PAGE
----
Why not complement your meals with a glass of wine from a local vineyard? After all, New Mexico is the country’s oldest wine-producing region. Spanish settlers first brought wine grapes to New Mexico, and today more than three dozen wineries operate throughout the state. (Take the Northern New Mexico Wine Trail to visit 12 wineries and vineyards between Santa Fe and picturesque Taos.) Speaking of trails, you can follow the Santa Fe Chocolate Trail to discover the territory’s finest artisanal chocolate shops. Kakawa Chocolate House (1050 E. Pasco de Peralta, Santa Fe NM 87501 505-982-0388), near the base of Canyon Road, specializes in authentic Mesoamerican and historic European drinking chocolates. (Brace yourself for their popular chocolate-chile elixirs.)

Nu-Mex leads the way

The Santa Fe culinary arts scene is hot — in fact, the city was ranked ninth in the U.S. last year for “Great Food & Wine” in the TripAdvisor Travelers’ Choice Awards. You have more than 200 restaurants to choose from during your Santa Fe vacation — ranging from basic New Mexican food and creative Southwestern fare to authentic Italian, French, Asian and other world cuisines. But you’ll definitely want to put these Nu-Mex establishments (all a short walk from the resort) at the top of your list. Locals love Tomasita’s (500 S Guadalupe St; Santa Fe, NM 87501 505-988-3614) at the Railyard, where you’ll find top-notch red and green chile and great margaritas. Get a warm downtown welcome and your chile fix at Tia Sophia’s (210 West San Francisco Street; Santa Fe, NM 87501 505-983-9880), open for breakfast and lunch (the breakfast burrito with Christmas is a real eye-opener). The Shed (113 1/2 E Palace Ave; Santa Fe, NM 87501-2010 505-982-9030), just northwest of the Plaza on Burro Alley, is considered a Santa Fe institution.

Here are some of our favorite “flavors” to sample during your Santa Fe vacation: Cowgirl BBQ & Western Grill (319 South Guadalupe Street; Santa Fe, NM 87501 505-982-2565) with nightly entertainment with a mixed menu that includes barbecue, New Mexican and more; La Casa Sena’s La Cantina (125 East Palace Avenue; Santa Fe, NM 87501 505-988-9232) with innovative American Southwestern creations where singing waiters serenade you with the best of Broadway; and Santa Fe’s oldest bar and restaurant, El Farol (808 Canyon Road; Santa Fe, NM 87501 505-983-9912) with tapas and Spanish food, dancing and a Flamenco dinner show on Saturday nights. Live it up in Santa Fe!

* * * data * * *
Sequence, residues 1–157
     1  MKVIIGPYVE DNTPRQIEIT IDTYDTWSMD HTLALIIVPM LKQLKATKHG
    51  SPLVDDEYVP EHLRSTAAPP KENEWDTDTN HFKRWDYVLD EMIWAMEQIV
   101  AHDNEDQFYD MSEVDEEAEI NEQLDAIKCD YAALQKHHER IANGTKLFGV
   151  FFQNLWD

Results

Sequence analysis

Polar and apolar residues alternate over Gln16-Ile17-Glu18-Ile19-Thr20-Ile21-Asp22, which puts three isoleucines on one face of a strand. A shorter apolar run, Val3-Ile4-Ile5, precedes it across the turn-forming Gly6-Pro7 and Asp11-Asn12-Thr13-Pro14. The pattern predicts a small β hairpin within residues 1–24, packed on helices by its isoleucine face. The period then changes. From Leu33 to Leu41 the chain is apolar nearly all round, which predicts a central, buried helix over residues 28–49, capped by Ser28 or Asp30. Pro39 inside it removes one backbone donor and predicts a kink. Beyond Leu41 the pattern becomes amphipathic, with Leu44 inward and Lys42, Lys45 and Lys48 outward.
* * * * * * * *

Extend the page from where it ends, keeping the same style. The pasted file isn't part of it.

Artistry in the Kitchen

Feeling inspired?

If you’re inspired by Nancy and Ed’s experience and would like to prepare delicious meals using traditional ingredients of the Southwest during your Santa Fe vacation, contact the Santa Fe School of Cooking to learn about their events. You'll find everything from demonstration and hands-on cooking classes, restaurant walking tours, family and outdoor cooking adventures, and a market so that you can bring the flavors of Santa Fe home with you.

Vacationers Nancy and Ed Terpstra turned their 35th wedding anniversary, Thanksgiving and Ed’s retirement into an unforgettable Santa Fe vacation. They stayed at the WorldMark Santa Fe (ask about availability) last November while visiting their son Shane and his wife Sarah, who live just off the historic Plaza. They were excited about the tree-lighting ceremony in the square and looked forward to attending a class at the Santa Fe School of Cooking (116 West San Francisco Street; Santa Fe, NM 87501 505-983-4511), which is frequently listed as one of the top things to do while visiting Santa Fe.

“I wasn’t as excited as Ed since I’ve always done the cooking, but went along to watch,” Nancy recalls. “After a great explanation of the variety of peppers, four salsa recipes were divided among the groups. Ed and Shane and their group began cutting, chopping, mixing and stirring. I watched and sipped wine. Ed was excited and I was, too, just to watch him enjoy the time with our son. “Best of all, Ed decided he loves to cook! I have never made the wonderful meals he now prepares and loves. Who knew a trip to Santa Fe and a chance at a salsa-making class would turn my cooking-challenged husband into a real chef, apron and all!”

This article is based on an article that appeared in our timeshare owners magazine.

Best Things to Do in Santa Fe

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My favorite thing to do in Santa Fe is to go to the plaza downtown.  Not rated yet
The whole family can spend a pleasant afternoon at the plaza in downtown Santa Fe. If you just look and window shop, it will not cost you a thing. However, …

My favorite thing to do in Santa Fe is to spend the day at Santa Fe Plaza. Not rated yet
The Santa Fe Plaza is filled with shops, merchants, and restaurants you cannot find anywhere else. I first like to walk around the Plaza and see what the …

We took a day trip from Albuquerque to Santa Fe Not rated yet
We took a day trip from Albuquerque to Santa Fe on Saturday. We rode the Rail Runner which is the 'new' commuter/tourist train that goes from Santa Fe …

I have been to Santa Fe at least seven times. Not rated yet
It is worth it to me to go see the historic sites, though I have to travel the long distance from New Jersey! There is so much to do at Santa Fe, such …